Edradour’s close relationship with Signatory underlines an appreciation of what independent bottlers offer. In a way, the success of the Signatory range facilitated the purchase of Edradour and becoming distillers themselves. A move that has been replicated by several bottlers since, including Adelphi and Gordon & MacPhail. So, it’s no surprise that we see Edradour and Ballechin supported well by bottlers across the world. And as we’ve focused mainly on the official releases this year, we’re bringing you a trio of indie releases from The Whisky Exchange and The Ultimate from Dutch bottler, Van Wees.
Ballechin 2003 15 year old – review
An exclusive bottling for The Whisky Exchange that has since sold out, this is a refill sherry cask #204, bottled at 55% strength.
Colour: cinder toffee.
On the nose: a vibrant, dense, intoxicating fruity peat with elements of strawberries, rubbed brass apples and raspberries. Plenty of autumnal vibes and freshly stripped bark. Chocolate, cinnamon, marzipan and rum fudge. Water reveals a campfire residue, black shoe polish and cola cubes.
In the mouth: more thuggish on the palate with more of that autumnal peat, fresh tar, treacle and toasted pine nuts. Adding water unlocks aniseed and blackcurrants.
Van Wees Ballechin 11 year old – review
Matured in a 2nd fill sherry cask #169, this was bottled at 59.5% strength.
Colour: a rich caramel.
On the nose: a pleasing assortment of toffee, figs and honey. The peat is within the mix but it has stepped back, there is more integration and balance. Orangeade, sweet tobacco, chocolate mint and a sense of harmony.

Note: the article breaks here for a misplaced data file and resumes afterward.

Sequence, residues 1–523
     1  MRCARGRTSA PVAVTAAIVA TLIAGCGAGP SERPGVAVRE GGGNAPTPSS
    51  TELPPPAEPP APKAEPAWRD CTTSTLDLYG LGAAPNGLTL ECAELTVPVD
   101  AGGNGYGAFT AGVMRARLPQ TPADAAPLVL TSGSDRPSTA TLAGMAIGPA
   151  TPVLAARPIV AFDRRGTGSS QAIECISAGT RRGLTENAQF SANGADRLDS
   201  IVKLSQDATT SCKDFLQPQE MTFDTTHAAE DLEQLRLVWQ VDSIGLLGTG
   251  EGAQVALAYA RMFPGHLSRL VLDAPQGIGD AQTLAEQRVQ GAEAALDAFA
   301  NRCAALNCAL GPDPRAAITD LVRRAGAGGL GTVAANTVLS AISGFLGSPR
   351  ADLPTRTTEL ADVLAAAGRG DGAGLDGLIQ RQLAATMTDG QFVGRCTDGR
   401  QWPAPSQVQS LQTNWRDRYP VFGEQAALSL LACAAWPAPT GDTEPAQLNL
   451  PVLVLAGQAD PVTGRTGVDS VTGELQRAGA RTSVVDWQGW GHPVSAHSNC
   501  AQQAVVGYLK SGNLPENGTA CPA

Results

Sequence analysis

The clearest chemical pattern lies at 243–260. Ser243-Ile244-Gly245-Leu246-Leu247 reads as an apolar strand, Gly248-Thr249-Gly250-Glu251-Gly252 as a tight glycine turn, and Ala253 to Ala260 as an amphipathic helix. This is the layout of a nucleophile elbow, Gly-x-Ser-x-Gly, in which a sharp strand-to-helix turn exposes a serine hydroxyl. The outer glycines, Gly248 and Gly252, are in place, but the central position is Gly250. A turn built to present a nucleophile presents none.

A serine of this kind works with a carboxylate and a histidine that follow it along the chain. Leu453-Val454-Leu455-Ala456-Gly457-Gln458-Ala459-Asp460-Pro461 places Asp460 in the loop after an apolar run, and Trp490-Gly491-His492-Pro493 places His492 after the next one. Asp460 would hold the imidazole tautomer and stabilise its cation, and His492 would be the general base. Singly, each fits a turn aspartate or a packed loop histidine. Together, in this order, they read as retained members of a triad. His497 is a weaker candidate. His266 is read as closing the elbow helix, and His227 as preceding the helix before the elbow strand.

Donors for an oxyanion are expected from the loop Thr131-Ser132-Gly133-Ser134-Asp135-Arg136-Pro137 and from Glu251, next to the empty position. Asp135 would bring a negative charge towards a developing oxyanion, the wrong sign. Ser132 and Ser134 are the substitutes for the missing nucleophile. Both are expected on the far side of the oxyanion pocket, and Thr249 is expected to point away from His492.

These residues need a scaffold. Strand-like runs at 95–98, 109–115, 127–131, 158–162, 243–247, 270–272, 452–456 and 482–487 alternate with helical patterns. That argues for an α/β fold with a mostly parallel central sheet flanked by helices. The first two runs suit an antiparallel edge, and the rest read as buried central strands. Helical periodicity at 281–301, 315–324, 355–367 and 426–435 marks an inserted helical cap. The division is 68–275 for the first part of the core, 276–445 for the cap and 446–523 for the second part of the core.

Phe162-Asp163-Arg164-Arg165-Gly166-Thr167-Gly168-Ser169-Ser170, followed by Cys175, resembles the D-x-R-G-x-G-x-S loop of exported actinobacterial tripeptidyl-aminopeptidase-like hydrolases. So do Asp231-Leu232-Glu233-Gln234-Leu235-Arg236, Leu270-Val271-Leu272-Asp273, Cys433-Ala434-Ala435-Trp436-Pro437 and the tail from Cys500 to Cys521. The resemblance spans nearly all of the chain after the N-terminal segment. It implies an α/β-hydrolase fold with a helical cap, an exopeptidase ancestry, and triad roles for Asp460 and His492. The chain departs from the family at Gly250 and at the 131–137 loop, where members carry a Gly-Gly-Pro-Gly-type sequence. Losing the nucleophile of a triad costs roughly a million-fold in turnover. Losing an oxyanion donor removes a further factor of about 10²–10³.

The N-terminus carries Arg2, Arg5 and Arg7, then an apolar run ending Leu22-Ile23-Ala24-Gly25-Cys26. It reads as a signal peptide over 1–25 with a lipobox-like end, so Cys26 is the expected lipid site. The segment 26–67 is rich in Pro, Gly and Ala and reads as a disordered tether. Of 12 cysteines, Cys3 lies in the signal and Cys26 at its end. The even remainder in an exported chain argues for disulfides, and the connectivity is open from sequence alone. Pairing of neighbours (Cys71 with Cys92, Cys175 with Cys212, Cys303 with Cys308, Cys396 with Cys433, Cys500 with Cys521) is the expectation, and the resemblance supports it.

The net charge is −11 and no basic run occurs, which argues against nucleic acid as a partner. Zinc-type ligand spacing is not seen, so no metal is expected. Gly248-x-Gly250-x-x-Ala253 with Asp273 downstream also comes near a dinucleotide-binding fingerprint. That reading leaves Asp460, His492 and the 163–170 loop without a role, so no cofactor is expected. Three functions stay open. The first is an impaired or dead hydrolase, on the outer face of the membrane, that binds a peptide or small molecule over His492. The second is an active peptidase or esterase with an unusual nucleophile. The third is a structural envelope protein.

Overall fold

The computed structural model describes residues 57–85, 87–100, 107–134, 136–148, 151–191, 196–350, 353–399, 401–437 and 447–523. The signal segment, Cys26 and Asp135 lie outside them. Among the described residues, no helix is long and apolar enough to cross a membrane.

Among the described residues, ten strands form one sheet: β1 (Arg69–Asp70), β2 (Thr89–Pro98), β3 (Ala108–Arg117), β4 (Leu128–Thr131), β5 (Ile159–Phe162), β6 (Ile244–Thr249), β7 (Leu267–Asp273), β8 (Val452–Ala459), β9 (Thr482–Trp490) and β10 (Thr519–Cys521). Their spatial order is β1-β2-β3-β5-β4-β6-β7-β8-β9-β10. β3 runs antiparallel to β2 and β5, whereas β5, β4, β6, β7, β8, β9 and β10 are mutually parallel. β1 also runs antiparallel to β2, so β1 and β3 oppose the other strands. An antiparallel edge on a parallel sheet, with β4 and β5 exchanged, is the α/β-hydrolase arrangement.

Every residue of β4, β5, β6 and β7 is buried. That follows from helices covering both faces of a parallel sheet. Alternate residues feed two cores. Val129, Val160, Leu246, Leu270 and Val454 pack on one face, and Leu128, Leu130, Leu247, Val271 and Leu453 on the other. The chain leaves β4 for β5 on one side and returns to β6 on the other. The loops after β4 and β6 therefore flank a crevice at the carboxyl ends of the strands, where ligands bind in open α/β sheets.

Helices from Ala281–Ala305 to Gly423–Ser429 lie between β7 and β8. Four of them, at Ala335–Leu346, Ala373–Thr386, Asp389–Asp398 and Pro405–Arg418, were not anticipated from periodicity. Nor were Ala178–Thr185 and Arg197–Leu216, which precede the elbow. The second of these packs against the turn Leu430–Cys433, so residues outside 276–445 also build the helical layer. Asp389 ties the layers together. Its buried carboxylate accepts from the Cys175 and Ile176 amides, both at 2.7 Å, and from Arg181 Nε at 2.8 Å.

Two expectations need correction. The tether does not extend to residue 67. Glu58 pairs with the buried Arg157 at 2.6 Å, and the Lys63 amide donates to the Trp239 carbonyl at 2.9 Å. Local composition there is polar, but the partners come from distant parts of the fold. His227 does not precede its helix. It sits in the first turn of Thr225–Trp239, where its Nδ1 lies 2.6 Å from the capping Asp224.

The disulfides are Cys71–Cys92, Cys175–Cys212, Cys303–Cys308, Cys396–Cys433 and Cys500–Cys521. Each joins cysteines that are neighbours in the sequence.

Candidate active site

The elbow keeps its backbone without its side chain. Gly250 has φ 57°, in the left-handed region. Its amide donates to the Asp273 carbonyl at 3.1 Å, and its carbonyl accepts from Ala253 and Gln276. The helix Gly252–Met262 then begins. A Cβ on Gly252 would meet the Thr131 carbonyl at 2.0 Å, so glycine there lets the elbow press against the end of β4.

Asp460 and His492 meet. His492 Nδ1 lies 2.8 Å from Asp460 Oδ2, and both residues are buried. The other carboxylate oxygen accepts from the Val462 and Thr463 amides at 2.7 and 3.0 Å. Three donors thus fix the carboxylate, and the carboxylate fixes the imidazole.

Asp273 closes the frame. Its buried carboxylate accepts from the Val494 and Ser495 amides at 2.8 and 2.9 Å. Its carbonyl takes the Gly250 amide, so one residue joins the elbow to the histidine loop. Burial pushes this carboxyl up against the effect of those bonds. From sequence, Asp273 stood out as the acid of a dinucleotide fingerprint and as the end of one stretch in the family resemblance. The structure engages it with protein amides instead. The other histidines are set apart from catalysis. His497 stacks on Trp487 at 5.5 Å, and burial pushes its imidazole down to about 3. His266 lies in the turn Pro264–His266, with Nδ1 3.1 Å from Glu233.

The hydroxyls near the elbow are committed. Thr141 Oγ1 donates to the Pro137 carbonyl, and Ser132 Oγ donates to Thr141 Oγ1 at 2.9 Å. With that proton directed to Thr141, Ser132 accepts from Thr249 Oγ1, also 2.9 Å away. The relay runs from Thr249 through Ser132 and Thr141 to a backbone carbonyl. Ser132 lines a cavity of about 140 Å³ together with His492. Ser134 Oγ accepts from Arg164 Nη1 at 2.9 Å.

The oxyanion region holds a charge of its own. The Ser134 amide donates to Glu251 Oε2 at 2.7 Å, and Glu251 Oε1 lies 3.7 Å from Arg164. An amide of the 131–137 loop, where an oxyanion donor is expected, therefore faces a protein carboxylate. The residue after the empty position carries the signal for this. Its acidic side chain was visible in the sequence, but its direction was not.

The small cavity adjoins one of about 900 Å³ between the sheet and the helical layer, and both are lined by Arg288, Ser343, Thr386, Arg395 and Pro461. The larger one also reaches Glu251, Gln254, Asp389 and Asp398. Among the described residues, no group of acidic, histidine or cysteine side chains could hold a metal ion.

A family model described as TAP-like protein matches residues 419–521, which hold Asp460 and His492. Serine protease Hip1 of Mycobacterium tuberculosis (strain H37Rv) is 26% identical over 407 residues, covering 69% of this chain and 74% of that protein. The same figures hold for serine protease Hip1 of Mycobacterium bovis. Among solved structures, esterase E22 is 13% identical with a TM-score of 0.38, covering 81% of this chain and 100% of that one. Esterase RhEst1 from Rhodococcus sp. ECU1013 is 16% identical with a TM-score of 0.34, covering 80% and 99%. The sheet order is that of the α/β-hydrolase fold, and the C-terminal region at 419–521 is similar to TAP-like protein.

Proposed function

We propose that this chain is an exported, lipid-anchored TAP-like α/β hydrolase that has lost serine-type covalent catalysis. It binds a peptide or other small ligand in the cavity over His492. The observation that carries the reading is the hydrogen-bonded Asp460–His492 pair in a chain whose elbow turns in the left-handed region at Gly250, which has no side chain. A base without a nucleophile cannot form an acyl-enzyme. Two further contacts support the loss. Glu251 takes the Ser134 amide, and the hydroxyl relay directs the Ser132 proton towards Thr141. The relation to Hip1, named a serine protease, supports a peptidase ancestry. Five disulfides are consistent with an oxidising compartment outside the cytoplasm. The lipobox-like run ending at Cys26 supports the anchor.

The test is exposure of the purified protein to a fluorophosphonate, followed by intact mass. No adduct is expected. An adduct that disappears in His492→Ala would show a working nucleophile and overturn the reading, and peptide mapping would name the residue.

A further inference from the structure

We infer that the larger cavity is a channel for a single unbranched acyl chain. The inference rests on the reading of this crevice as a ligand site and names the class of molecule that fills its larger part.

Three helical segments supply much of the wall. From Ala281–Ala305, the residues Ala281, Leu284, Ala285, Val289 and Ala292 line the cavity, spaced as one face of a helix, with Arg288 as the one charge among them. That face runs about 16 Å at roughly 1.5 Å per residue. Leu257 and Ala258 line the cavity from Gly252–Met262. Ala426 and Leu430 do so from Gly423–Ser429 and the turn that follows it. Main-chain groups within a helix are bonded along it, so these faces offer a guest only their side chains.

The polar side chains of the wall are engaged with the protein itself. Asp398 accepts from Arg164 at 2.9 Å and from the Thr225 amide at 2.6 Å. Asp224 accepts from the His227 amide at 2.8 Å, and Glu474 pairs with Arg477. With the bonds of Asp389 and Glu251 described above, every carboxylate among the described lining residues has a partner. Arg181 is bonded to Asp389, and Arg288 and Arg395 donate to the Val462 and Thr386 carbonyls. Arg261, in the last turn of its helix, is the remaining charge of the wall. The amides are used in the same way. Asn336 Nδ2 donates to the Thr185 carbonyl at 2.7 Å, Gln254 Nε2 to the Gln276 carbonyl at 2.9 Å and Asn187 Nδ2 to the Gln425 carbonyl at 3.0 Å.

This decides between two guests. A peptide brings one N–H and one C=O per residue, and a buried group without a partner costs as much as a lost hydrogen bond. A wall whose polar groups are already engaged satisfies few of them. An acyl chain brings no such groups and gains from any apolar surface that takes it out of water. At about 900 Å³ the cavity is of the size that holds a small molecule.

In the mouth: the theme of togetherness continues. Unlike the previous Ballechin, it tastes settled and in order. The peat is evident but not overly so and complemented by a smoky finish. Some traces of bacon fat – sorry proper Scottish bacon, Rose – coal dust, cloves and plenty of black pepper.
Van Wees Edradour 2010 9 year old – review
Matured in a 1st fill sherry cask #389, this was bottled at 59% strength.
On the nose: a sticky marmalade, cracked brazil nuts, beeswax, cigar smoke and honey. There’s also dark chocolate, bashed metal and fudge. Adding water unlocks the spice rack with added black pepper, honeycomb, caramel and new MDF (Medium-density fibreboard) straight out the box.
In the mouth: a thick sherry influence and its overpowering the distillate. Plenty of orange peel, honeycomb, walnuts and new leather. Adding a splash of water reveals the youthful side of the whisky with some cherry, cranberries and those retro flying saucer sweets.
A barrage of sherry and indicative of what we’re seeing independent bottlers gravitate towards nowadays. Colour sells and that means sherry. At least we have full maturation here and that’s a testament to the wood policy and distillate at Edradour.
And there are some interesting contrasts upon reflection. The Whisky Exchange Ballechin is big, bold and in places, relentless. In some respects it reminds me of the 1995 Clynelish they had as an exclusive, which had gone too far in sherry. We’re back to that colour sells aspect and the taste at times comes second. The same outcome applies to the Edradour that has been aggressively choked by the 1st fill sherry cask. Leaving us with a sherried whisky that could have come from anywhere and tastes like another sherried whisky from somewhere else. Last but by no means least, is the 2nd fill Ballechin. My pick of the bunch and just more cohesive overall.
The overall standard here is above average, as reflected in the scores and underlines the quality being produced at Eradour. That’s regardless of whether you buy from the official range or an independent release.
Lead image and samples kindly provided by The Whisky Sleuth and the Ballechin 15 via The Whisky Exchange.